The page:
Introduction of the AW139
In 2013, the AFM signed a contract to purchase three brand new AW139s and the first pilots went to Italy for flight training. In 2014, the first two were delivered. The Italians assisted in transitioning SAR operations from the Alouette 3 to the AW139 and the third one arrived in 2016. That year was mile- stone for the AFM because during it, the first mission with a completely Maltese crew was flown in an AW139! By then, it was time for Italy to release Malta and the Italians left after a very long time of high quality co-operation!
In 2019, the transition to night vision started for rotary pilots which is also a big game changer for the SAR tasks.
At this moment, the AFM operates three Beech 200s, three AW139s, two Alouette 3s and one BN-2 Islander, which is enough for a small country like Malta. Line maintenance is done by the AFM itself. For higher level maintenance, the AW139s are brought Leonardo in Italy or Harrods Avia- tion Centre at Stansted in the United Kingdom. The Beech 200s receive it in Braunschweig, Germany. The stored BN-2 Islander will go back to the Britten-Norman factory in the UK and in return, the operational BN-2 Islander will be updated to extend its lifetime. It is unclear for how long the Alouettes will be flying with the AFM, due to the arrival of the new AW139s. The AFM is trying to get a Bulldog airworthy again for a Historical Flight.
Staffing has proven challenging, with airlines offering high salaries to trained personnel as one factor. Therefore, the AFM constantly offers its personnel specialised courses. The Armed Forces and Government just recently signed an agree- ment, increasing basic salary and overall wages for personnel of the Force. These “New Salaries and Conditions of Service for the Armed Forces of Malta” will also encourage serving members to continue specialising and training, and pursue their service with the AFM.
Illegal immigration is well organised these days and contin- ues year-round, even during winter. At its beginning, weather conditions were playing a role and there were far fewer people per boat. It started with a maximum of 20 people on a single boat but these days, a minimum of 80 people on one boat is normal. In the week prior to our visit, there were 14 cases! One of the worst cases in history concerned a boat with 300 people on board that capsized. The Beech 200 dropped dinghy’s saving a number of immigrants but unfortunately, many of them drowned.
In the past, AW139s picked up several people from boats with gun wounds, as well as pregnant women.
The AFM is patrolling a very large area around Malta: 60 kilo- metres to the north (to Sicily, Italy), 800 kilometres to the east (to Crete, Greece), 350 kilometres to the South (to Libya) and 300 kilometres to the West (to Tunisia). Italy and Greece are very helpful when the AFM reports an illegal immigrant boat and assist by sending a nearby ship to pick up the immigrants. Unfortunately, Libya and Tunisia do not offer any help!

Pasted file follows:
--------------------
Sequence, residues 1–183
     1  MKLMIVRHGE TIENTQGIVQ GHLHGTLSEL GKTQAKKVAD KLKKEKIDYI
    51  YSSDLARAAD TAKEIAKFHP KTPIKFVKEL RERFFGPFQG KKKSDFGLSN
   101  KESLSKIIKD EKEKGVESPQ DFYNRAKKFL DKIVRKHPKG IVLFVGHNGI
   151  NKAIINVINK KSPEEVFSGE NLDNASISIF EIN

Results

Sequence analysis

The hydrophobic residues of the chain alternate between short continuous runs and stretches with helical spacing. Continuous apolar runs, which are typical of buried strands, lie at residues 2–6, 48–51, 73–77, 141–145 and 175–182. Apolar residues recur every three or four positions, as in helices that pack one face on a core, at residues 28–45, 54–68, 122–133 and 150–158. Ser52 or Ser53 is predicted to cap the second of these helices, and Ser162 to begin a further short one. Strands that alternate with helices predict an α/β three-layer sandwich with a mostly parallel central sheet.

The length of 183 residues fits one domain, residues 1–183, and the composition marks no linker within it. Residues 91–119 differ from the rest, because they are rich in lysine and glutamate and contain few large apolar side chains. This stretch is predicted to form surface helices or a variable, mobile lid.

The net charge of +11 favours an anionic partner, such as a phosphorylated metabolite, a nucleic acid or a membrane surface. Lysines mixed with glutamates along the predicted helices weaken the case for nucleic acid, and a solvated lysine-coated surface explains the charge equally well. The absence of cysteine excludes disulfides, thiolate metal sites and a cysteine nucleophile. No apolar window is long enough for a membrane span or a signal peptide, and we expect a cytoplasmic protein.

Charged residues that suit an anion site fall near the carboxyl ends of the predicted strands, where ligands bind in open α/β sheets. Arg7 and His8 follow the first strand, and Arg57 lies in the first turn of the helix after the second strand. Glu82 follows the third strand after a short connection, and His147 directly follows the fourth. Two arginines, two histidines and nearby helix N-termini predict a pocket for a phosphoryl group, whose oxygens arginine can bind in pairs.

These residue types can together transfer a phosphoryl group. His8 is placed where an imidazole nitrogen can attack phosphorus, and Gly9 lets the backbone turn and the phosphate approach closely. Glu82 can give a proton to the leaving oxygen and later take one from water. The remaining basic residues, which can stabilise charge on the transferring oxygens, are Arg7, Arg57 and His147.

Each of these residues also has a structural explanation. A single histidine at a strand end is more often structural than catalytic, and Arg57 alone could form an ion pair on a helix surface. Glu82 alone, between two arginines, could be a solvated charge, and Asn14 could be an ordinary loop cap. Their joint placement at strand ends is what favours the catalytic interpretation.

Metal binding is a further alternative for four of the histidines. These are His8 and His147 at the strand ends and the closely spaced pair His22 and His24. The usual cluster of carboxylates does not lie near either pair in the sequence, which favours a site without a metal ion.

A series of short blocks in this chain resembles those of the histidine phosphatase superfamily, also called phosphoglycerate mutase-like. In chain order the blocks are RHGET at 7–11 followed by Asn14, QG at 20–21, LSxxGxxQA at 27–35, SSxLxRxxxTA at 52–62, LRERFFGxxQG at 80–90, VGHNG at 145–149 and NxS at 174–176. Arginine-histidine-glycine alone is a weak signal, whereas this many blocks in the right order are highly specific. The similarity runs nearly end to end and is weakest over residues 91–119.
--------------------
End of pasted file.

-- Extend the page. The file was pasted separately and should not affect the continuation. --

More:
The Alouette 3s are being used for minor SAR tasks. However, the AW139 is perfectly suited for all SAR tasks, making the Alouette 3 redundant. The question therefore is: how long will they stay in operation with the AFM. On the other hand, the lighter SAR tasks can be performed with a smaller heli- copter than the AW139, like the Airbus Helicopter H145.
In September 2019, the RNLAF donated another two Alouette 3s for spare parts. Those two are not at Luqa International Airport but were taken apart and stored in barracks near the airport.
The Beech 200MPAs are fine aircraft but, with the increase in illegal immigration, the AFM could use a larger type, like the CN235 the Irish Air Corps (IAC) is using or the newer version, the C295. The Beech 200 does not have much space inside and missions are very long, leading to high levels of crew fatigue after missions. A newer aircraft with more space will make the mission more sustainable.
On the other hand, a new type of helicopter or aircraft needs newly trained pilots, crew, engineers and hangar space, with inevitable high cost attached.
The AFM also has a project for UAVs going on, but COVID-19 stalls this a lot. The UAVs too, will need new crews, engineers and everything else costing lots of money.
At present, the AFM is using three hangars and those are completely full when all aircraft and helicopters are inside. With Malta’s warm climate, most of the time all aircraft and helicopters are inside, to protect them from the sun. The systems of the Beech 200s can malfunction if they become too hot. One of the hangars will be torn down and built up again around 2021.
The AFM still has a very good relationship with the Italian Air Force and there are crew exchanges throughout the year.
There is a very good relationship with the IAC too, as a result of the similarity in helicopter operations and assets. The IAC is using the AW139 for border patrol and SAR tasks, like the AFM, that hase provided multiple courses for the IAC.
Luckily there have been just a few accidents in the AFM history with just some slight injuries and no casualties at all!
On 24 November 1992, Cessna O-1E Bird Dog serial 9H-ACB damaged its wing while taxiing, but could be repaired. The same Bird Dog was involved in another incident, on 5 May 1993, when it experienced a heavily landing which severely damage to starboard wing, tail plane and undercarriage. This time, the aircraft could not be repaired and remained being used for spare parts.
On 16 March 1993, Bird Dog 9H-ACC also got damaged while taxiing but could be repaired. Also in March 1993, NH500M 9H-ABY damaged its tail boom in an accident but could be repaired.
Bulldog AS0022 was involved in a ground collision with a vehicle of Enemalta whilst taxiing for take-off for an early morning coastal patrol from Luqa on 16 July 2005. It sus- tained some damage, though the two crew were uninjured. The aircraft was repaired and is operational again.
The worst accident in the AFM’s history happened on 5 August 2007, when Bulldog T1 AS0020 crash-landed near Dwejra in Gozo. An eye witness noticed the aircraft climbing close to the Azure Window at Dwejra when it suddenly seemed to stall and ended up in an uncultivated field at a location called Santu Pietru, between Dwejra and San Dimitri. The two crew members suffered slight injuries and were airlifted by an Alouette 3 to St. Luke’s Hospital to be treated for shock.
The authors like to thank everyone who made this fantastic visit possible within the Maltese Ministry of Defence and the Armed Forces of Malta.